Although between the Vodacom store and the post office, we are again accosted by “artists,” I make a new friend, Mathew, out of one. He says they can make around 5,000 Tanzanian shillings per day selling such goods during the high season , and sometimes up to 15,000 on a good day. That works out to $3.40-$10 per day – this is only when they can’t find jobs as a porter going up Kilimanjaro. Now it’s the low season, and there’s no porter jobs, so everyone is an artist. Anyway, he goes home on the weekends to a town 100 km south of Arusha and helps his family take care of the farm. His sister and brother do that full time. But some of these kids leave their families for the city on their own as early as age 10.
Post-Indian food, Andrew and Christy and I traipse around the less touristy, less developed part of town.
There are maybe 40 little shops set back away from the street selling bolts of fabric, while women marketing fruit and vegetables crouch in front of their goods-strewn blankets in front of them. Other people are repurposing old items.. it’s quite incredible to see people scrubbing gym shoes in a bucket of soapy water while the soles lie nearby, freshly washed; or to walk by a young man scraping rust off of a pipe, a while pile of used rebar in front of him just waiting to be claimed again. On the street we pass by someone wearing a Duke University t-shirt. I say “hey!” and point to his shirt, and then my bag, but he just looks at me with eyes that say, “crazy tourist, ahh!” before walking away.
But in general people are very kind. Mathew tells me that the Chinese are making huge investments in Arusha. They’ve just taken over all the new road construction in Arusha, the nicest hotel in the city center is Chinese-built, and just over the tops of all the other buildings I can see a low skyscraper arising – it seems to also be funded and built by the Chinese.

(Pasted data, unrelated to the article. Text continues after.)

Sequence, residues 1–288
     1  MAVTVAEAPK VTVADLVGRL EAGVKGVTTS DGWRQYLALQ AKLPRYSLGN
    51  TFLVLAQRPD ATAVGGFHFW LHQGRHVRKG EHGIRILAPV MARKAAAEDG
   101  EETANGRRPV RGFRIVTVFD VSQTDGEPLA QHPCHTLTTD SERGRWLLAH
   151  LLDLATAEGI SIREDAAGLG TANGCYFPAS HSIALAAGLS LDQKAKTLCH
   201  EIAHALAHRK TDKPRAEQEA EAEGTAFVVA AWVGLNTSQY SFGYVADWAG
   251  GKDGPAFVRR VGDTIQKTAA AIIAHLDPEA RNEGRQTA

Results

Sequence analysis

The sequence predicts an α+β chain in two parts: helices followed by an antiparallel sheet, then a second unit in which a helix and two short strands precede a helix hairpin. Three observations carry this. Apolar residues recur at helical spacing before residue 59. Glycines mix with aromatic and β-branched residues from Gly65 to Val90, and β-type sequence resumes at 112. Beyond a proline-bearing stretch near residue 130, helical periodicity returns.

We spend some time sitting around under a memorial near our hotel. We watch as white-veiled women stream out of a nearby mosque. We’ve been hearing the call to prayer in the morning and evening, and it turns out that there is a 50-30-10 ratio of Christians, Muslims and Nonbelievers. We learn that from our taxi driver. We’re also shocked to hear his views on gay rights. The conversation goes something like this:
Taxi Driver: “Do you like Obama?”
Us: “Yes, we all like him very much.”
Taxi Driver: “We do too, except now he supports gay marriage and we don’t like that.”
Us: “Really? Why not?”
The taxi driver proceeds to tell us that if they find anyone “doing that” they will kill them instantly, that being that way is against the word of God, and that if you let men marry men there will be too many old single women running around. Apparently the British have been pressuring some African countries to write gay marriage into their constitutions, and the taxi driver said something about how dignitaries should be careful saying that kind of stuff around here as they were liable to be stoned.
So. There’s a long way to go still.
Laly and Buddy are fantastic, and I can tell we’re going to have a great summer out in Noloholo. We talk a little bit about our projects over dinner, but mostly just get to know each other. Tomorrow morning will be the last time I have unlimited wifi! I will definitely continue to have enough internet access to send and receive emails, as well as hopefully put up some photos. I have 4 GB of information to either upload or download before I run out, so I’m hoping it will last me long enough to get me through the summer. I’ve turned off everything from loading in my browsers except for text, and have a mail client so I don’t have to sit on the internet while I respond to emails. If you have any other tips on how to cut down data exchange, let me know!